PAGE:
Brent oil fell by nearly $1 on Tuesday, pressured by the spectre of the U.S. Federal Reserve tapering its monetary stimulus program. U.S. oil also ended lower, but not by as much, tightening the spread between the two benchmarks.
The Fed's policy-making Federal Open Market Committee is meeting on Tuesday and Wednesday during which officials could decide to trim the Fed's $85 billion asset purchasing program, should they interpret recent strong U.S. economic data to mean the economy is recovering.
Scaling back the program could boost the dollar and weigh on dollar-denominated commodities, including oil, and indirectly curb investment flows into those markets. The U.S. dollar index , a measure of the greenback against a basket of currencies, was virtually flat, after rising in mid-afternoon trading.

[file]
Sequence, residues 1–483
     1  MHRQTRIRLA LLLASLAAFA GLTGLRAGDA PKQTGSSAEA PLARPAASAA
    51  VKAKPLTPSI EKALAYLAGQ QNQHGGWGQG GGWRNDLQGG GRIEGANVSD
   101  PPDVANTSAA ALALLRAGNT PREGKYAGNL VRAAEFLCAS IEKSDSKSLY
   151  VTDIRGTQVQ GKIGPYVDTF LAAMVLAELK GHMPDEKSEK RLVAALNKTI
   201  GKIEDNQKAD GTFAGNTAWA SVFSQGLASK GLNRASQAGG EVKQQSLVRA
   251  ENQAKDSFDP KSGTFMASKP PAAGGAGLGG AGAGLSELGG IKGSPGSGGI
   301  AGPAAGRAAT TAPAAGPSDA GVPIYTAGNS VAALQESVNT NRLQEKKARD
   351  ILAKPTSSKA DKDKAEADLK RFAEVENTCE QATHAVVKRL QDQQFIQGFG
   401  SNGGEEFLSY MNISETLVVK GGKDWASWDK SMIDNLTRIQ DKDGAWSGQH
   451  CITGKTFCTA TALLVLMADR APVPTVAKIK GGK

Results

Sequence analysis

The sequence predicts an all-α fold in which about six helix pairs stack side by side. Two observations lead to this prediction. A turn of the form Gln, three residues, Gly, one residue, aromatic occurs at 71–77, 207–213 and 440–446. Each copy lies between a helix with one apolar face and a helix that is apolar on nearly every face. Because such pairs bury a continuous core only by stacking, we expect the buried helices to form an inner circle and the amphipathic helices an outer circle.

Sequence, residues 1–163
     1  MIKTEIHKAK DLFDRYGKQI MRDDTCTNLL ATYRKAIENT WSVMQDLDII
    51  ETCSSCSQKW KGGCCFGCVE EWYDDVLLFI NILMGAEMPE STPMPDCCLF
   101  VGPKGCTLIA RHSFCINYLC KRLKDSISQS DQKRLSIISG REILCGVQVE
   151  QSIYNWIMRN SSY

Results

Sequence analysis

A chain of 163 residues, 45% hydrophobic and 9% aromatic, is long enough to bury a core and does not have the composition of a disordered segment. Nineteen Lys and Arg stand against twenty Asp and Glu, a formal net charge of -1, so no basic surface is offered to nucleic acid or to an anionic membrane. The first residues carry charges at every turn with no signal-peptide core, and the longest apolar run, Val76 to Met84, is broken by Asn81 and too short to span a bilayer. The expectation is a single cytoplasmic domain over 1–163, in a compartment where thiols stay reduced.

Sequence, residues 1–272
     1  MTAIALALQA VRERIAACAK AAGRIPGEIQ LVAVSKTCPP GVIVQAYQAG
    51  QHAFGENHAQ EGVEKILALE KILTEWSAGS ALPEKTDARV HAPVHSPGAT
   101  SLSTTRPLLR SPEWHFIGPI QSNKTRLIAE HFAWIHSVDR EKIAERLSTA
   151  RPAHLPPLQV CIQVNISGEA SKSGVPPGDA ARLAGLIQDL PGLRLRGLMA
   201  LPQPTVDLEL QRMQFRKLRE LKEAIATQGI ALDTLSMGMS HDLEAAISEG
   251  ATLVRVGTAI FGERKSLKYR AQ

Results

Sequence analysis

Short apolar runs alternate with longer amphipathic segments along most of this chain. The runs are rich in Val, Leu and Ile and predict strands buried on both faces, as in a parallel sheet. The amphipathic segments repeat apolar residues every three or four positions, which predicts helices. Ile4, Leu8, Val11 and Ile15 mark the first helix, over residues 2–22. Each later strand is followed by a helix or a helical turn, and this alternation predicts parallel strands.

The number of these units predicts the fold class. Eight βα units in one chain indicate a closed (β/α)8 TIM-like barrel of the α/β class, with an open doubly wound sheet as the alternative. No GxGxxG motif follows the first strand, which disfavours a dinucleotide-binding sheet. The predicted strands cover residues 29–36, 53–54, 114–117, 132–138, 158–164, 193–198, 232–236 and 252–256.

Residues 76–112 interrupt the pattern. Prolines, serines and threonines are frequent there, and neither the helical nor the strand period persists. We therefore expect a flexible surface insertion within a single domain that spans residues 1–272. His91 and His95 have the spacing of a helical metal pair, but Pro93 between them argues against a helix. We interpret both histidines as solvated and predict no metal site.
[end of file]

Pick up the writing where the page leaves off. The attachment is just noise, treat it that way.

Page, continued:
Oil prices fell, U.S. stocks edged lower and U.S. gold futures plunged by more than 1 percent as markets awaited news from the Fed.
"A stronger dollar at least temporarily is putting a downward pressure on the market, especially Brent," said Rich Ilczyszyn, chief market strategist and founder of iitrader.com LLC in Chicago.
Traders also sold Brent to take profit after prices gained 1.5 percent in the previous session on the back of continued unrest in Libya, which curtailed oil supply.
Brent futures for February settled 97 cents lower at $108.44. U.S. crude oil futures settled 26 cents lower at $97.22, after trading as high as $97.90.
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